Author(s): Rose E, Schessl J
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Abstract INTRODUCTION: Even minor dimensional changes in the child's upper airway can already affect the resistance therein. Craniofacial anomalies may constrict the upper airway and are suspected to be a direct cause of obstructive sleep apnea syndrome (OSAS) in children. CASE REPORTS: In the present two cases we report on the successful orthodontic treatment of an 8-year-old girl and a 6 1/2-year-old boy with craniofacial anomalies and severe OSAS diagnosed during a sleep study. The primary treatment aim was to improve the cardio-respiratory situation during sleep by enlarging the upper airway and preventing its collapse. Prior to the onset of treatment we had ruled out the presence in both children of any adenotonsillar hypertrophy requiring surgical treatment. Patient 1 (the girl) presented mouth breathing predominantly while sleeping and a narrow skeletal maxilla that was treated via rapid maxillary expansion followed by a Fränkel-II appliance. A function regulator type-II was applied in the second patient, a boy suffering from OSAS, and spinal muscular dystrophy with a narrow skeletal upper jaw and mandibular retrognathism. We were able to successfully treat both cases of obstructive sleep apnea with these orthodontic procedures. CONCLUSION: Orthodontic therapeutic measures should be considered as a causal treatment option in children with OSAS and craniofacial anomalies restricting the upper airway. Parents and patient cooperation, as well as good interdisciplinary care within the field of sleep medicine are mandatory for this kind of treatment.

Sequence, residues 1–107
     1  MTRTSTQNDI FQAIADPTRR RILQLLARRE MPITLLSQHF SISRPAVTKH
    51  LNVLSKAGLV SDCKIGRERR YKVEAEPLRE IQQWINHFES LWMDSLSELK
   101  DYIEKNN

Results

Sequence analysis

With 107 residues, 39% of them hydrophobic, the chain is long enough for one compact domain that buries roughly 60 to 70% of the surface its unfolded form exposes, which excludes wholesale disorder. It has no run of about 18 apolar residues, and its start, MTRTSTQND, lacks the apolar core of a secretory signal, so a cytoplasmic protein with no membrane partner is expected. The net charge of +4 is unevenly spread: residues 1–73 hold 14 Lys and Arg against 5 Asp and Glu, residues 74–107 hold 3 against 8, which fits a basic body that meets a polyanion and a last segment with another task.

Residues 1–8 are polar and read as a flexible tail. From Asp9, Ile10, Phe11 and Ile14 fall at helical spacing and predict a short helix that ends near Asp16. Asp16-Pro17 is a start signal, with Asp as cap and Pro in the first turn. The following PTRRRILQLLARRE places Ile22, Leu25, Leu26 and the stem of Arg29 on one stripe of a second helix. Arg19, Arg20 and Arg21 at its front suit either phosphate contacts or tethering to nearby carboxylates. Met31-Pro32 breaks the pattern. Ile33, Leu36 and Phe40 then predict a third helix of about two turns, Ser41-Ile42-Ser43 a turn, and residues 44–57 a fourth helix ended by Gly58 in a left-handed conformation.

This article was published in J Orofac Orthop
and referenced in Otolaryngology: Open Access